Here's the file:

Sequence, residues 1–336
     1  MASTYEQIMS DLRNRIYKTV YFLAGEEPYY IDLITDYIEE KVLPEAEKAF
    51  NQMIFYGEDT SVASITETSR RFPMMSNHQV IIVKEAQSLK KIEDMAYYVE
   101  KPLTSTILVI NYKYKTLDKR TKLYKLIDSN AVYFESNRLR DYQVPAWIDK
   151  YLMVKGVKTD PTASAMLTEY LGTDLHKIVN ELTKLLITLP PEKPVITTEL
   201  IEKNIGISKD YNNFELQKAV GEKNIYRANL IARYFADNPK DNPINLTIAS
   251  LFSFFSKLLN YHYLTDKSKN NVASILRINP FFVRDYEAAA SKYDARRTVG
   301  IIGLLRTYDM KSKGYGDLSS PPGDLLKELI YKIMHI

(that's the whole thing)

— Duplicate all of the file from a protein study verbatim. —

Sequence, residues 1–336
     1  MASTYEQIMS DLRNRIYKTV YFLAGEEPYY IDLITDYIEE KVLPEAEKAF
    51  NQMIFYGEDT SVASITETSR RFPMMSNHQV IIVKEAQSLK KIEDMAYYVE
   101  KPLTSTILVI NYKYKTLDKR TKLYKLIDSN AVYFESNRLR DYQVPAWIDK
   151  YLMVKGVKTD PTASAMLTEY LGTDLHKIVN ELTKLLITLP PEKPVITTEL
   201  IEKNIGISKD YNNFELQKAV GEKNIYRANL IARYFADNPK DNPINLTIAS
   251  LFSFFSKLLN YHYLTDKSKN NVASILRINP FFVRDYEAAA SKYDARRTVG
   301  IIGLLRTYDM KSKGYGDLSS PPGDLLKELI YKIMHI